Don’t assume what works for one brand will work for the rest. Target began testing curbside pickup in its San Francisco stores in 2014, but discontinued it this past June. Meijer ran a successful pilot program earlier this year and is now expanding its curbside service to multiple stores.

We’ve quoted Jim Collins before, but his words bear repeating: “Shoot bullets before cannonballs.” Instead of trying to be everywhere at all times, find something you think will work. Try a pilot program. If it’s working, expand it. If not, use what you’ve learned to sharpen your aim.

4. The Customer Engagement Itself

Recently, I spent a day and a half on the phone with my cable company. Every person I spoke with offered canned, tone-deaf responses, as if reading straight from a script.

Now, every time I think of the brand, the first thing that comes to mind is . . . a person reading straight from a script.

This is not the brand image you want.

Whether your customers are engaging your brand by phone, online, through email, or in your stores, they expect to be greeted by a listening, caring, authentic person. Someone who’s willing and able to solve problems.

If you’re scripting every encounter—perhaps in an attempt to improve operational efficiency—you’re not thinking of your customers. Rather than delighting them, you’re focused on hurrying them through the queue.

Guidelines, not scripts, are what your associates need to do their jobs well. Don’t tell them what to say, but what to convey. Give them the knowledge, flexibility, and tools they need to contribute meaningfully and make a customer’s day better. This will make your associates and customers much happier—and ultimately improve your bottom line.

5. Aesthetics and Design

What does your brand look like? What do your customers see, hear, and feel in your stores, on your website(s), and across all channels?

In the early days of e-commerce, digital and in-store teams were completely misaligned. They had distinct policies and styles. There was no overarching, consistent brand aesthetic.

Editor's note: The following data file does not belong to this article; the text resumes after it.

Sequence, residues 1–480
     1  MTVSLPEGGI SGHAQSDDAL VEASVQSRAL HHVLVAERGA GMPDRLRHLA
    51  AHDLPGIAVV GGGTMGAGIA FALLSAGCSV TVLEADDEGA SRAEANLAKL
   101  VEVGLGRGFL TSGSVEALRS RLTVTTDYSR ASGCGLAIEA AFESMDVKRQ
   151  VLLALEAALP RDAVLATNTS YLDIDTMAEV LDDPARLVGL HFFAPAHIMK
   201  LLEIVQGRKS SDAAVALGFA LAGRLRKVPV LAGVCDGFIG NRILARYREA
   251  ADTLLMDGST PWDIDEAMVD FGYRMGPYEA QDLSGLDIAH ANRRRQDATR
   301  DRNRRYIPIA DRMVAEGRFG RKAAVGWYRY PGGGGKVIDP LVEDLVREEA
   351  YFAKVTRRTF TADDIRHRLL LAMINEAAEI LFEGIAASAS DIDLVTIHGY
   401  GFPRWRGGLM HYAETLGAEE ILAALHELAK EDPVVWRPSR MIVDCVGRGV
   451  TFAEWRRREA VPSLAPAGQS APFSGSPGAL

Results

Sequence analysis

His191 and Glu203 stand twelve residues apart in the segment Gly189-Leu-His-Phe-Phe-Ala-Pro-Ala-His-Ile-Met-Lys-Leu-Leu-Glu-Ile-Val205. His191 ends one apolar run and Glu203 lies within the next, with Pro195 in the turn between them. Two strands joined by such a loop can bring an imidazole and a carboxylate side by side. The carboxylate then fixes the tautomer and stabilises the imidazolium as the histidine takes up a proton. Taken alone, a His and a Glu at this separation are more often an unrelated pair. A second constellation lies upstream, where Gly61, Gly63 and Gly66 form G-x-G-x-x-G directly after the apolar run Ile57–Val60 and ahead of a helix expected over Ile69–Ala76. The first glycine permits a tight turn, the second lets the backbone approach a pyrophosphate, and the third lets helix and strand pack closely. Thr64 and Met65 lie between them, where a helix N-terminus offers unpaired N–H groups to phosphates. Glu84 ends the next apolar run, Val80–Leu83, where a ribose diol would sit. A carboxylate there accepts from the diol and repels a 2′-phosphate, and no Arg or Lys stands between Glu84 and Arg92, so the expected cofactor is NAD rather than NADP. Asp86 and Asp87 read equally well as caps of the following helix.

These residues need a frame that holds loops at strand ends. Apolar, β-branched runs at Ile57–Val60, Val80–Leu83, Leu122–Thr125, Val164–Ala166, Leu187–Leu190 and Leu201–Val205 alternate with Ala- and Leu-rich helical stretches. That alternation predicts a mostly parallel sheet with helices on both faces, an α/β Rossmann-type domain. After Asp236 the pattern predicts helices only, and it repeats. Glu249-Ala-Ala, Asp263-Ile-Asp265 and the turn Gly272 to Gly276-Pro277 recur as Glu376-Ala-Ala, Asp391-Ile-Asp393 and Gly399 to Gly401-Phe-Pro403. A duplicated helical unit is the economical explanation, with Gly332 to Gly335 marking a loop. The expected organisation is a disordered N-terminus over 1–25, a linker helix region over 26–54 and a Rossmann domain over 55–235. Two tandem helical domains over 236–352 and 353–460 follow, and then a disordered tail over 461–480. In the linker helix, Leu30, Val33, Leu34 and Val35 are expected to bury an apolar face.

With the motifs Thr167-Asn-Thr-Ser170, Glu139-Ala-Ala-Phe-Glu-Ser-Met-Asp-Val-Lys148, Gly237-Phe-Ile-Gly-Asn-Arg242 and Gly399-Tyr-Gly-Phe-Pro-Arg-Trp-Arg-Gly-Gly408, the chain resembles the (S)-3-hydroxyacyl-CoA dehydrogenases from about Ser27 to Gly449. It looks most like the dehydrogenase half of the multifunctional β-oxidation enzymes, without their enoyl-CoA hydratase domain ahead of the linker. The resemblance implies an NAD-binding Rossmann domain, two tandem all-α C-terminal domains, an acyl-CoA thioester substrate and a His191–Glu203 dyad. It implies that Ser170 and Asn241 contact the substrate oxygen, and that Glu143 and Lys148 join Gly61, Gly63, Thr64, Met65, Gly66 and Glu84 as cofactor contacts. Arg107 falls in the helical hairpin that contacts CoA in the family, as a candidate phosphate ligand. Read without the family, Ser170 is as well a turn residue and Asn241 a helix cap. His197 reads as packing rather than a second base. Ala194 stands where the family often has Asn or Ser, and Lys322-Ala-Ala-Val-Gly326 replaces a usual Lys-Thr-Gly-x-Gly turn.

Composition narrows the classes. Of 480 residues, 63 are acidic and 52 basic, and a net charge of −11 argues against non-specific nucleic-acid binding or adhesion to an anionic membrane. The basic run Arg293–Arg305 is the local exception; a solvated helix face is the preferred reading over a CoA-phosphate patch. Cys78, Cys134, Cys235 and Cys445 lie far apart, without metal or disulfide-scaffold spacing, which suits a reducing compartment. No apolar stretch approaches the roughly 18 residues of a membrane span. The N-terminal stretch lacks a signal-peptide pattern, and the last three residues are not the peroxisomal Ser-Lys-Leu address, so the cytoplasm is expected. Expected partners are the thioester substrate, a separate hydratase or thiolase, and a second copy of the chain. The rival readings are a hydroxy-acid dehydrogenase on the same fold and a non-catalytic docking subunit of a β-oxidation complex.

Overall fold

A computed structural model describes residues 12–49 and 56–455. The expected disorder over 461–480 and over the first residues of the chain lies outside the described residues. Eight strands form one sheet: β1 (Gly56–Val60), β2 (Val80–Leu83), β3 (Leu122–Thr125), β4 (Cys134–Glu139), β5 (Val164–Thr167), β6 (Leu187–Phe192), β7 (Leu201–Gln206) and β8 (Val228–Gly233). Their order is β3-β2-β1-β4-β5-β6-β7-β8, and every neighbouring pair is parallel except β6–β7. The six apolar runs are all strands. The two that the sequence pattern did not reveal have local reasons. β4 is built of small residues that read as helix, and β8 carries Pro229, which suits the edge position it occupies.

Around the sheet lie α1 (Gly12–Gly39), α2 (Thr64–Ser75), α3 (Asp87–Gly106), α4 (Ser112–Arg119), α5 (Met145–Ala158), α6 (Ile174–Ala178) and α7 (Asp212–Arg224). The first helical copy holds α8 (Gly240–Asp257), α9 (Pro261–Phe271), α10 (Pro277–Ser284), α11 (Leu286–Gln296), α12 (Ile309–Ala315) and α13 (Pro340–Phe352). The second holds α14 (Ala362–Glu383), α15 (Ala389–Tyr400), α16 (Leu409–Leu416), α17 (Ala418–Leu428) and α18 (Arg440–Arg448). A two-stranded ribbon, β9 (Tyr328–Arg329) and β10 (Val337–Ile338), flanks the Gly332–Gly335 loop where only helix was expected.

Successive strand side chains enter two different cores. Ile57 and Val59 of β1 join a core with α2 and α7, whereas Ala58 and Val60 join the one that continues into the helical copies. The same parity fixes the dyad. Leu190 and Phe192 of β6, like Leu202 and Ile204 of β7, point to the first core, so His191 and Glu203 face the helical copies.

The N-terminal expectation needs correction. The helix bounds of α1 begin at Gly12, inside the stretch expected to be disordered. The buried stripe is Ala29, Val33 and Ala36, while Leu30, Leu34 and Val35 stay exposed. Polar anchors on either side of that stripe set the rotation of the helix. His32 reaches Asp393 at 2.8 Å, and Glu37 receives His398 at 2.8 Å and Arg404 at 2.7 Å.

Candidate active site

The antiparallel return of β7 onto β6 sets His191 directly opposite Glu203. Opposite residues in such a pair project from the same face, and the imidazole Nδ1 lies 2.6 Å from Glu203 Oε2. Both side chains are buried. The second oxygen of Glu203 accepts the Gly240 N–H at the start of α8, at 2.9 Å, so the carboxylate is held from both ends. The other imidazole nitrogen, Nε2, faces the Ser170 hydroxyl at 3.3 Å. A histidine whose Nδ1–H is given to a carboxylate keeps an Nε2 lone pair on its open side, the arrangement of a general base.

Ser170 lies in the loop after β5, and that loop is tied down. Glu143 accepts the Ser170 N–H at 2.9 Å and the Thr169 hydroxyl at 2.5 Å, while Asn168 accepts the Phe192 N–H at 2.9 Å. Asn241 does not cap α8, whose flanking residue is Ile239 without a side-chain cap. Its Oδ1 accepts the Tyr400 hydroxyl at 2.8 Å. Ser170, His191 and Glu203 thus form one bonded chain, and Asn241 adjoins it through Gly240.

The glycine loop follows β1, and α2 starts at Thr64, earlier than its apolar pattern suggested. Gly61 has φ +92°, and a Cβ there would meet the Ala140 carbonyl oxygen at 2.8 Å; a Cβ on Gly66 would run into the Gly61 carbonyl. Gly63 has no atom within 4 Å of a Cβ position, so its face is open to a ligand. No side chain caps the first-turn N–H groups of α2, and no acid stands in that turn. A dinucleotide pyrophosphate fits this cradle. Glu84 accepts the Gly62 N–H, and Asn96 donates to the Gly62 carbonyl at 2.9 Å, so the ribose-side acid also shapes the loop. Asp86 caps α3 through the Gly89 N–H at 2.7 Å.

Fortunately, we’ve come a long way. Design has become an intentional and integral part of the customer experience strategy. Leading brands take great care to define the brand personality and develop the sensory elements (art, graphics, music, store layout, site layout, etc.) that reflect that personality.

Equally important is creating a consistent sensory experience—projecting the same story, personality, and values across all channels. Some brands have mastered this, while others have room to improve.

If you’re in the latter camp, you have a golden opportunity to reenergize your brand image. Look for ways to excite your customers, streamline sales, and leap past your competitors.

Coming Next: Executing the Strategy

Developing a customer experience strategy requires careful thought and detailed planning. Executing it presents an entirely new set of challenges. We’ll tackle those in next week’s post.

What strategic considerations would you add to our list? What advice do you have for other retailers in need of a customer experience reboot? Let us know in the comments below.

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This article was originally posted to our blog where you can find more posts like this at ICC/Decision Services Blog.

Kevin Leifer
Kevin and his team at StellaService help their clients build solutions that optimize front-line team performance and improve customer experiences across contact centers and stores.